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At an Erie 1 BOCES open house Thursday evening in Cheektowaga, parents and students from two of Buffalo’s worst-performing high schools got a firsthand look at the array of vocational programs they stand to benefit from this school year, thanks to a state-mandated partnership between the regional education service provider and Buffalo Public Schools.

The tour of the Harkness Career and Technical Center on Aero Drive, one of BOCES’ three area facilities, also gave faculty and staff a chance to meet some of the first Buffalo Schools students ever to enroll in their programs, many of whom will bring unique language-related challenges into the classroom when classes begin next month.

“You are making history,” BOCES Superintendent Donald A. Ogilvie told the group of about 60 students from Lafayette and East high schools in attendance, calling the students “pioneers” and “heroes” for being among the first city students to consider enrolling in BOCES programs.

Low graduation rates and poor attendance have plagued Lafayette and East for years. Fewer than a quarter of students graduated from both schools last year, the worst such rates in the city.

In July, State Education Commissioner John B. King Jr. required the Buffalo School District to fund supplemental vocational coursework through BOCES for any interested student from the two failing schools. The unprecedented move drew fire from some school administrators, who argued that the schools face unique challenges and are being held to impossible standards. Lafayette in particular is working to accommodate a huge number of refugee students with limited English.

For their part, the parents and students in attendance Thursday evening seemed eager to seize on the opportunities presented to them by the partnership. Students toured the Cheektowaga facilities in small groups, moving from classroom to classroom as instructors offered overviews of BOCES programs ranging from auto collision repair to Web technologies.

Many students required the help of translators to understand everything that was being said. BOCES partnered with several local groups to provide translation in seven languages – from Spanish to Somali. When Ogilvie addressed the entire group to kick off the tour, he spoke slowly and punctuated his remarks with frequent pauses, when the language interpreters could be heard.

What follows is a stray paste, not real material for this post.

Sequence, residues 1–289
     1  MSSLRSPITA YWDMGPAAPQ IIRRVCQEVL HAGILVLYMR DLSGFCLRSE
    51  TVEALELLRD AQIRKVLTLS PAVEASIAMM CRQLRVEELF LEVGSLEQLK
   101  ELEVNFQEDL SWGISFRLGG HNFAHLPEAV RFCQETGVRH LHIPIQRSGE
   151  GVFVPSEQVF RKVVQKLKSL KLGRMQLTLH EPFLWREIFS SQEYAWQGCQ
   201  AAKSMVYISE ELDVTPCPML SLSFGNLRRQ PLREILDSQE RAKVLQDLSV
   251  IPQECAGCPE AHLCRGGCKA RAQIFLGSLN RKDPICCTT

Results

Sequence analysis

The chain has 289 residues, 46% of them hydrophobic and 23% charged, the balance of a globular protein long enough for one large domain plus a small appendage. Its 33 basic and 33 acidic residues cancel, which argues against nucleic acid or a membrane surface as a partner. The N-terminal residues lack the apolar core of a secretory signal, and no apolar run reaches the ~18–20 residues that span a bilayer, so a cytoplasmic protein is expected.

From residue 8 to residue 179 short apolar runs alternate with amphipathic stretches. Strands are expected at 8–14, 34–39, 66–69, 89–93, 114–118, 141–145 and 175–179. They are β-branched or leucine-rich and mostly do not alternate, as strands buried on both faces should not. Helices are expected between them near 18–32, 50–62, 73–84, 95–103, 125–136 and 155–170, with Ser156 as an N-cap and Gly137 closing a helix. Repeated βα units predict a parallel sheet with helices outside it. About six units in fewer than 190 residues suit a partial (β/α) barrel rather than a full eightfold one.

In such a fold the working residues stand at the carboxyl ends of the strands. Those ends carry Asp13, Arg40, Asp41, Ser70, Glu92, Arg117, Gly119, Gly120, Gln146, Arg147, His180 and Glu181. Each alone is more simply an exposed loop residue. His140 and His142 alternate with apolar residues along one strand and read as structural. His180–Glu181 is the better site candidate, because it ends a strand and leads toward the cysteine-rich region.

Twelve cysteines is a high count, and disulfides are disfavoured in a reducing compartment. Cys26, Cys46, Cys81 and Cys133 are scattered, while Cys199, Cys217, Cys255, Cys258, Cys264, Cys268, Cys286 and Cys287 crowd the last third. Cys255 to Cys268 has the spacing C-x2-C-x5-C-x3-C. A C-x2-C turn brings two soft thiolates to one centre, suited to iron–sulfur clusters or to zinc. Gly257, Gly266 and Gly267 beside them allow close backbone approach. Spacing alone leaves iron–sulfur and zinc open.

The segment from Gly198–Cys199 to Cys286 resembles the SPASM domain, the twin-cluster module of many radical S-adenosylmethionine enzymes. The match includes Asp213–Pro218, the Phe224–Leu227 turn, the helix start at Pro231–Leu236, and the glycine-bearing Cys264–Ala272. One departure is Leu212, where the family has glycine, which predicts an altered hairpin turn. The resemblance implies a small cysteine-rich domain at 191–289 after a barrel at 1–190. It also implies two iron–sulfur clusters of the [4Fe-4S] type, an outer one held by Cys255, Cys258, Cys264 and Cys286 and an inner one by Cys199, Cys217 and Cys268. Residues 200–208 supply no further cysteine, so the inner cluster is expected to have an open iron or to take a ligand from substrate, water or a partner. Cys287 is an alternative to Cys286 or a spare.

School buses brought students from both high schools to the event, although event organizers estimated that the majority of students came from Lafayette.

BOCES instructors noted that, while the influx of bilingual students representing an array of ethnicities would present unique challenges, BOCES’ hands-on approach to vocational training would help students get past the language barrier.

“Food is pretty universal,” said Tina Fago, an instructor in baking and pastry arts, as a group of students – mostly from Burma – toured the Harkness Center’s expansive industrial kitchen. Here, Fago said, students acquire skills that help them land culinary jobs upon graduation.

“There will be some barriers once we start talking about vocabulary and things like that,” Fago acknowledged. Ultimately, though, she and her fellow culinary instructors were confident that those barriers could be overcome through demonstration and visual teaching.

Students enrolled in BOCES programs will start the school day earlier and take all of their usually required courses before lunch, before being bused to BOCES’ suburban facilities for their vocational training.

One Lafayette mother spoke highly of the opportunity for her son to enroll in a BOCES program.

“I’m thrilled,” said Naomie Lasco, whose 15-year-old son, Ricky, was on hand to check out the auto collision program.

Lasco called the opportunity “long overdue” for Lafayette students, who she said were generally hardworking but had not been given the resources to overcome the language barriers many of them faced. “A lot of these kids can barely speak English, let alone graduate in four years,” Lasco said.

The new opportunities BOCES presented are much needed and well deserved, she added.

email: hglick@buffnews.com